Consumer spending will be a tale of two halves because while it should be positive and strong for the whole of 2021, it may be supercharged in the back half of 2021 as pent-up demand for services explodes. While an undoubtedly positive outcome for US economic growth, social stability and the labor market, it could be a mixed bag for retail and the freight industry in the second half of 2021 due to the drag from the mix shift back to services described above. Those who have thrived moving excess grocery and CPG freight last year will underperform those more exposed to manufacturing, especially autos, and apparel.
The wildcard here that is difficult to account for is that the overall economy should grow at a much brisker and accelerated pace in 2021, particularly as a $2 trillion stimulus package is looking more likely after the Democrat sweep in the Georgia Senate runoffs, and as the labor market recovers, the overall population is vaccinated and demand for services goes stratospheric. In other words, while the mix of goods relative to overall consumer spending is likely to fall in 2021, the question is whether goods spending can still muster to achieve a flat to modestly up level of year-over-year growth because the U.S. economy is forecast to grow by about 5%.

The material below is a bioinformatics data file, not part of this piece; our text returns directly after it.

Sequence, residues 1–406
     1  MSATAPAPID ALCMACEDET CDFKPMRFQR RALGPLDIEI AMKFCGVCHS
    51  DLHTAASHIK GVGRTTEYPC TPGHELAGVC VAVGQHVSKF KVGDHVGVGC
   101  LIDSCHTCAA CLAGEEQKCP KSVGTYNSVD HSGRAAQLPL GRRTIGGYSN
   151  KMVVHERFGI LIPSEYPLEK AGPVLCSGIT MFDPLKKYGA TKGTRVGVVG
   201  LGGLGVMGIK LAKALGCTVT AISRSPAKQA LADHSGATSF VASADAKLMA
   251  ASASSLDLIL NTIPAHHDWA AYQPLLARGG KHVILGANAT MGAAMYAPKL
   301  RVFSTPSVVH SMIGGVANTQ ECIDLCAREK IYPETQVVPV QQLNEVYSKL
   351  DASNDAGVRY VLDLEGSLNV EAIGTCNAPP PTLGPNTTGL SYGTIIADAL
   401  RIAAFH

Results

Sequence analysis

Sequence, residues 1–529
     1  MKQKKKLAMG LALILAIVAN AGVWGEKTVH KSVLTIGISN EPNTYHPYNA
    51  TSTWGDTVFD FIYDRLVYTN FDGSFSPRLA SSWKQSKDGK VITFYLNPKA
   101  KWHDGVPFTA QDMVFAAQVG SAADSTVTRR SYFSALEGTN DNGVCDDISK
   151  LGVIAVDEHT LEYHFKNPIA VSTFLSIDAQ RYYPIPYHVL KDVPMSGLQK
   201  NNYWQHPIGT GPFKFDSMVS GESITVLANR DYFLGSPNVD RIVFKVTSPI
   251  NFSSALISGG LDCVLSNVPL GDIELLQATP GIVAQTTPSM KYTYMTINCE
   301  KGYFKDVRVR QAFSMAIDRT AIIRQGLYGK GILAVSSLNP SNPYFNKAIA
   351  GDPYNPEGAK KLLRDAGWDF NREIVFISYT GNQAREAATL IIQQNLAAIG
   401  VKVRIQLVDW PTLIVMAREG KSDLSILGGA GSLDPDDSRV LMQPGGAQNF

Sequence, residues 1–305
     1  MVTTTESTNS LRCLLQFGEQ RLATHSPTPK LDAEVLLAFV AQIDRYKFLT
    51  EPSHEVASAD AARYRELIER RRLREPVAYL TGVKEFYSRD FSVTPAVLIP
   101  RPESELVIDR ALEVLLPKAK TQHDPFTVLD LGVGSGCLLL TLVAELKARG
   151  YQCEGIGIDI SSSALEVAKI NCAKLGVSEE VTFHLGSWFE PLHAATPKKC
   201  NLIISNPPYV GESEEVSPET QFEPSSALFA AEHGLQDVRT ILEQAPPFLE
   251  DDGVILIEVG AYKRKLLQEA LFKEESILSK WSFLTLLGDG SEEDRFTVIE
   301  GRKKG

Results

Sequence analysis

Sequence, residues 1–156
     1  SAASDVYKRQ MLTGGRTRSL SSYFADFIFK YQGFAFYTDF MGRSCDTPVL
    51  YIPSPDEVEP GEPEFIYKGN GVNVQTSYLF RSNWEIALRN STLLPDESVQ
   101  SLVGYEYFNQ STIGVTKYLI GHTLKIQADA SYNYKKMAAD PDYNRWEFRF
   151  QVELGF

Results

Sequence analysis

The macro variables that give indication of the overall health of the consumer are quite strong. The savings rate, which has come down from its April peak of 33%, remains more than double the previous 5-year average.Also, personal income was up 4% yoy in November, and spending power is up due to contributions from stimulus. If personal income rises in 2021 (with stimulus and economic recovery, it is probable) and the personal savings rate goes back down toward its long-term trend, that implies a big shot of consumer spending into the economy. For those predicting a second half freight slowdown (myself included), this thesis could keep the freight party rolling throughout the year.
Additionally, the unemployment rate at about 7% is still very high by historical standards, but way off of the peak and should continue to come down, and likely quickly, as the world is vaccinated. Credit Suisse expects the unemployment rate to reach parity with its "natural rate" of at or below 5% by 2022. Consumer confidence has experienced a v-shaped rebound since the spring 2020 trough and is hovering at high levels.
Final Thoughts. US consumers once again proved their resilience in 2020 and we should not doubt their ability to keep it up. A third round of stimulus would only aid spending and freight flows, and retail is positioned for a strong year. However, much like last year, it will be a case of haves and have nots. In 2020, the haves were grocers, home improvement stores, and electronics outlets. With vaccines in the picture, spending will shift to favor services and spending away from the home. That doesn't mean goods spending will falter, rather it may still grow modestly yoy but its proportion of overall consumer spending will return towards historical averages.
Want more retail supply chain insights, try Point of Sale, my twice-weekly newsletter covering retail, the consumer, and the rapid evolution of retail supply chains. Click here to signup.
See more from Benzinga
© 2021 Benzinga.com. Benzinga does not provide investment advice. All rights reserved.